24. Avatar Forum_Pirate says:

    The TL:DR to why not is: I don’t want to be forced to play with other people, play half a game, or play a game that’s really frustrating specifically because the pawns can’t handle mechanics designed for 2 humans properly, and I don’t think the pawns can or will be good enough to prevent any of those.

    Long version:

    For the record, I *loath* that there are mechanical differences (ie more than just level scaling) between NG and NG+ in some of the Souls series., and almost any other game that does it. Like, I cannot describe the level of contempt I have for the idea of having to play through the entire game before getting to play the game proper, with no way to skip straight to the experience I actually want to have, in a way that will make sense. If I find out after I reach NG+ it makes everything I’ve done so far a waste of time, and if I find out before the playthrough (or on a revisit of said game) it’s is not fun, at all, it’s a slog through am unusually difficult 40 hour long tutorial before I get to play the real game.

    It’s not necessarily about the challenge. What makes Dragons Dogma, by and large, is the mechanics of the larger monsters. Knocking down Ogres, pinning Griffon to the ground, stripping helmets of Cyclops, ect. Why would I want to play a version of the game (the solo play in your example) where those mechanics are simplified, when I could get to experience the more complex mechanics? Assuming the design of said mechanics doesn’t suck, it’s an inferior experience because there is objectively less of one of the primary things that made the game good in the first place. Why would I be ok with less of the thing that made the game good?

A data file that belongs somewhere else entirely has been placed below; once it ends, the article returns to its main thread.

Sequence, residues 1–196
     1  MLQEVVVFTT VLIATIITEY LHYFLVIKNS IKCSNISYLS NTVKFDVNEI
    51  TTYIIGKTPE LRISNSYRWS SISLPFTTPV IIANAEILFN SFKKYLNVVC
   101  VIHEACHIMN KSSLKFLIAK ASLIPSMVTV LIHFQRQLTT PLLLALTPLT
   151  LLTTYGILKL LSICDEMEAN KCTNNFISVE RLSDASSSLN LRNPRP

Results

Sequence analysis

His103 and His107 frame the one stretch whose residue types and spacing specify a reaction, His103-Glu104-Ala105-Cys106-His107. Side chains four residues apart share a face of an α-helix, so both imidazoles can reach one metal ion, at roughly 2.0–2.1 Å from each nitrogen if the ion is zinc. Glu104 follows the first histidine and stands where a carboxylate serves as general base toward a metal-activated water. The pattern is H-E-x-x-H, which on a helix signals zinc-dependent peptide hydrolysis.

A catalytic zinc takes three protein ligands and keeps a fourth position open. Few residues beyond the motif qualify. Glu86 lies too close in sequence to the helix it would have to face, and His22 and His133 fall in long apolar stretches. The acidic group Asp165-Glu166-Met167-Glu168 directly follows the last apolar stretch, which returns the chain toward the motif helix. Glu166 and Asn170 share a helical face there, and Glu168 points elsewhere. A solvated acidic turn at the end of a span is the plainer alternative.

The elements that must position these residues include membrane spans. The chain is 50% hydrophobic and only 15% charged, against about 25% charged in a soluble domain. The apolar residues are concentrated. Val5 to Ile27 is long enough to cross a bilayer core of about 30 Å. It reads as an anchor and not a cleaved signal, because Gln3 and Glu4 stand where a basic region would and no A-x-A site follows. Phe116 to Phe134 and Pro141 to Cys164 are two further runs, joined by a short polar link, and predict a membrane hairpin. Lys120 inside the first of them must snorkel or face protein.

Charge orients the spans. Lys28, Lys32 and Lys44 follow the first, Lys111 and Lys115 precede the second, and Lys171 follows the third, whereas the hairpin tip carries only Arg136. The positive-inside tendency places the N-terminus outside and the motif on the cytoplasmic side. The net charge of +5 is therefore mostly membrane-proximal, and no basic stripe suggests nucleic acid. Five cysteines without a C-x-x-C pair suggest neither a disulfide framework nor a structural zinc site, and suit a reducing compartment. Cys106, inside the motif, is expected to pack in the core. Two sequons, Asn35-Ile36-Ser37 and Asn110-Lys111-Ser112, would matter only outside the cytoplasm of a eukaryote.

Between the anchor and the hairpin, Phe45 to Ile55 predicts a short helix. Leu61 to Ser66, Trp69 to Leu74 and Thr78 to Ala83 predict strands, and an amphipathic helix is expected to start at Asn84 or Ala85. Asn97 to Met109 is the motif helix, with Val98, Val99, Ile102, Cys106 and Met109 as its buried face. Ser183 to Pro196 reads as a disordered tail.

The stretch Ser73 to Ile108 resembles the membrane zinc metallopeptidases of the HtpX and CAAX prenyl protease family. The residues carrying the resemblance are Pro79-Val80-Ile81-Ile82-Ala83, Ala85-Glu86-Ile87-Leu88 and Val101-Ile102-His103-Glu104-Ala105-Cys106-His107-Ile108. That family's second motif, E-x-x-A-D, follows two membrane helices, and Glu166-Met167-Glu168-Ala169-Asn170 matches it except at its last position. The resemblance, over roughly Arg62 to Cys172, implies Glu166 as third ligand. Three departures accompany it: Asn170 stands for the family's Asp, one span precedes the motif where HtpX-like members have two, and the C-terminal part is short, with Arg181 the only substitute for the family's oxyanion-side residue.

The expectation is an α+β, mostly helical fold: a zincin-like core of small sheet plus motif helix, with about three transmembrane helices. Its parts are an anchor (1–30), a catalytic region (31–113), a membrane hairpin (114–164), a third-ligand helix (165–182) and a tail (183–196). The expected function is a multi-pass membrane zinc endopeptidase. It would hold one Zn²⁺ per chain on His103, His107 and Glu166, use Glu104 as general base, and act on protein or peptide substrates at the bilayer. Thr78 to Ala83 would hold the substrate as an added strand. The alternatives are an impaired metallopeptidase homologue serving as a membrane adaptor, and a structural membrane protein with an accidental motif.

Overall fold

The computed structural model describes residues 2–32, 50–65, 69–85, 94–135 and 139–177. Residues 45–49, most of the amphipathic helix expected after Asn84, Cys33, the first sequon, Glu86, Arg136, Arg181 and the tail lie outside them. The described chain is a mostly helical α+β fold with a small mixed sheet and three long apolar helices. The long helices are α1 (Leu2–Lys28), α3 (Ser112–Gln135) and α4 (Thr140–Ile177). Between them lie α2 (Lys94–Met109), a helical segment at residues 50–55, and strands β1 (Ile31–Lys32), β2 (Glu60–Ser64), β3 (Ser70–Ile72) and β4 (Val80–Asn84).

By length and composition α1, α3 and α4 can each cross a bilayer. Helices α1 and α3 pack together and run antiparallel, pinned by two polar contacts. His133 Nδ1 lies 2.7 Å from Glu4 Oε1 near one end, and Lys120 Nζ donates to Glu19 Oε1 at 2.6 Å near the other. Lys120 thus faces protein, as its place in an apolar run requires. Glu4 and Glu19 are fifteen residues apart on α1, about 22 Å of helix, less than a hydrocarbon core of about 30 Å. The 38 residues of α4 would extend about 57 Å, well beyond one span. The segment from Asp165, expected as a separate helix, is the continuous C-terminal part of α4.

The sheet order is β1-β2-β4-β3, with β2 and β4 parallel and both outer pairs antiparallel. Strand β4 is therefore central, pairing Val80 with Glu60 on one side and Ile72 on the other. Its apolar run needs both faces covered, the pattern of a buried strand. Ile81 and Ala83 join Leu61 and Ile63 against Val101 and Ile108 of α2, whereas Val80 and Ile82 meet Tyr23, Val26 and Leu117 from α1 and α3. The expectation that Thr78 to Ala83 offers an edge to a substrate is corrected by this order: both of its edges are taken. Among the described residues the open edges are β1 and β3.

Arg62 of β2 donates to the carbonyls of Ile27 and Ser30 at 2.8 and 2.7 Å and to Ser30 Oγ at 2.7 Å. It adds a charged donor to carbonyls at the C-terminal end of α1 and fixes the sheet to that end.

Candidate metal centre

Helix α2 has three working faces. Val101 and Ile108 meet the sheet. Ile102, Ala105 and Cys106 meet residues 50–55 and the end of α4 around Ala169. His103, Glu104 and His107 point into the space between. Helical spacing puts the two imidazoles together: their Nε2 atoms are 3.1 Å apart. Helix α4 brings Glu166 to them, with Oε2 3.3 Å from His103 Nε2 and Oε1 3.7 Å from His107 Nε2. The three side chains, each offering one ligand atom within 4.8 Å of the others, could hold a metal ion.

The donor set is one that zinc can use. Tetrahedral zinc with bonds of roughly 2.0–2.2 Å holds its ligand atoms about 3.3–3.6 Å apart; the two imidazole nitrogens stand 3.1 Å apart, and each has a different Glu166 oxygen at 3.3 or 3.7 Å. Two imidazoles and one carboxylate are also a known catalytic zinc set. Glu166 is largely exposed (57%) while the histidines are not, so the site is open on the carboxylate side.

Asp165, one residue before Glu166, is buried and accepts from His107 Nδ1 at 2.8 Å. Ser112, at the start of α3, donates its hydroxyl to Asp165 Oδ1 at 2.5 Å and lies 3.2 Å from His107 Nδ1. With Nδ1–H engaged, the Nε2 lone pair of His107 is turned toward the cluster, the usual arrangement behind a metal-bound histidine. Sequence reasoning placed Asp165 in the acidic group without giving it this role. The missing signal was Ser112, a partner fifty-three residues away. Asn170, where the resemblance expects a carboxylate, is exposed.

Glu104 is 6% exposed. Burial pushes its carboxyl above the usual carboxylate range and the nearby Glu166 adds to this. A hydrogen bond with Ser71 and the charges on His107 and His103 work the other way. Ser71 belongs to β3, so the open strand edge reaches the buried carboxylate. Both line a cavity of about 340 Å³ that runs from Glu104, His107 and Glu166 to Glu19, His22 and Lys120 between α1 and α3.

Further, if the AI cannot manage to interact with said mechanics at a similar level to a reasonably skilled human, then the more complex mechanics in solo play would just be frustrating because of the failures of an AI partner. If either of those are the route they took, the game may as well be mutiplayer only and not even bother with pawns, because that would be the superior experience and they could focus more resources on interesting multiplayer mechanics instead of wasting time with dumbed down versions for solo stuff. If the AI can manage, then there is no need to add extra mechanics to multiplayer (though they could be tied to difficulty provided you don’t have to unlock difficulty settings) because AI can handle complex mechanics and provide the superior experience for everyone. I don’t think the AI can, but if it does I’ll withdraw my objection/complaint, complete with a public article for the site.

    Gameplay wise, Divinity is exactly the same. Your experience is different, but your experience would also be different if you, say, came to a message board to ask about tough parts, had a guide, or had a friend/family member watch you play and offer advice. The game, however, is literally exactly the same, all of the stuff was always human controlled and none of the systems change. They don’t need to change any of the encounters, because the game was balanced around the capabilities of a human player in full control of everything at all times.

    Edit: and yes, you could have the mechanics designed for solo play and just let people have multiplayer anyways, but that would be incredibly boring (and lazy) and the resources would be better spent elsewhere, like AI that can handle more complex mechanics so we can get even more interesting fights.

  25. Avatar Fexelea says:

    But again, the exact same game with simply a player instead of the pawn would work for those who want coop, so it really is a possibility that should not displease anyone and open up possibilities

    Also you are assuming the solo boss is half baked, I play ESO and I don’t agree.